Alupro says the ‘UK Aerosol Recycling Initiative’ aims to ensure metal aerosol “recyclability and viability” in a post-extended producer responsibility and post-deposit return scheme landscape.
The cross-industry initiative will follow a “three-phase” approach. This means the initiative will attempt to educate consumers around best practice recycling, establish a baseline recycling rate and roadmap for achieving higher future rates for aerosol recycling and seek to secure substantial long-term investment into recycling infrastructure.
Tom Giddings, Alupro’s executive director, said: “Consistently, aerosols top WRAP’s annual list of confusing consumer packaging types in regard to recycling. As an industry, our goal is to exceed a 50% aerosol recycling rate by 2030, making this initiative critical.
“This initiative will see us work closely with our partners to improve consumer behaviour and aerosol recycling infrastructure in the UK.
“These changes to the metal packaging industry will contribute not only towards a wider sustainable future but also allow us to take an important step towards a 100% metal packaging recycling rate.”
Earlier this year, Alupro and environmental consultancy Resource Futures undertook sampling work to establish where the baseline recycling rate for aerosols in the UK lies. The results showed that, despite 95% of councils offering aerosol recycling at the kerbside, consumers correctly separated only 46% of aerosols for recycling.
The UK Aerosol Recycling Initiative brings together working group partners from across the value chain. These partners include Ball Aerosol Packaging, the British Aerosol Manufacturers’ Association, packaging compliance scheme Ecosurety, The Materials Processing Institute, Suez Recycling and Recovery UK and processors of reclaimed aluminium Tandom Metallurgical Group Ltd.
This initiative will pave the way for achieving much higher recycling rates for aluminium packaging
- Robbie Staniforth, Ecosurety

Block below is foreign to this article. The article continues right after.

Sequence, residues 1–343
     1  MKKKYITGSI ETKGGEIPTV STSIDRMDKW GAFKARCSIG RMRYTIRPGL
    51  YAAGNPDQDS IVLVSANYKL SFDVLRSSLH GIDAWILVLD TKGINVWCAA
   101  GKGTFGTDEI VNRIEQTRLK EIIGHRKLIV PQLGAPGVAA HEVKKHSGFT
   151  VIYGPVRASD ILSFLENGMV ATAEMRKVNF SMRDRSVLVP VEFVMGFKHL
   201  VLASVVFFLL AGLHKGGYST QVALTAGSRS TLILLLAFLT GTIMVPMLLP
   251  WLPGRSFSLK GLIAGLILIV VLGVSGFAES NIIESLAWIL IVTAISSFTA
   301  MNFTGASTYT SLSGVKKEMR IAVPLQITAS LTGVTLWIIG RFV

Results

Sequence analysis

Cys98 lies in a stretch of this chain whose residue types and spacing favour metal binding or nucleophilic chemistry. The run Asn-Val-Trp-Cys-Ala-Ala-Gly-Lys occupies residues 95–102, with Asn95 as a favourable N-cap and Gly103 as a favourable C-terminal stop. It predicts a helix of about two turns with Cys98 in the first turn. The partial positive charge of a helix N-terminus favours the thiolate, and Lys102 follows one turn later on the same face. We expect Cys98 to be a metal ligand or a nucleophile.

Predrag Ozmo, head of sustainability at Ball Aerosol Packaging, said the initiative would provide a “unique platform” from which consumer behavioural change and infrastructure improvements could be made.
Robbie Staniforth, innovation and policy director at Ecosurety, said it was “vital” to build upon the success of aluminium recycling in general by focusing on specific packaging formats.
“Many of the barriers preventing aerosols being recycled are well-known. What is less clear is how those barriers can be removed,” Mr Staniforth added. “This initiative will pave the way for achieving much higher recycling rates for aluminium packaging in future.”
Alupro also launched ‘The Lonely Aerosol’, a consumer engagement campaign, at the start of the year to encourage consumers to recycle empty aerosol cans (see letsrecycle.com story).
The pilot campaign reached a “high volume” of consumers, Alupro says, with almost one million people seeing the animations at least twice.
When asked by letsrecycle.com, Alupro did not confirm whether the campaign covers gas canisters or if it was undertaking any work on this problematic waste stream. Alupro has launched the campaign at a time when waste management companies are becoming increasingly concerned about a rise in the number of gas canisters appearing in waste and recycling streams (see letsrecycle.com story).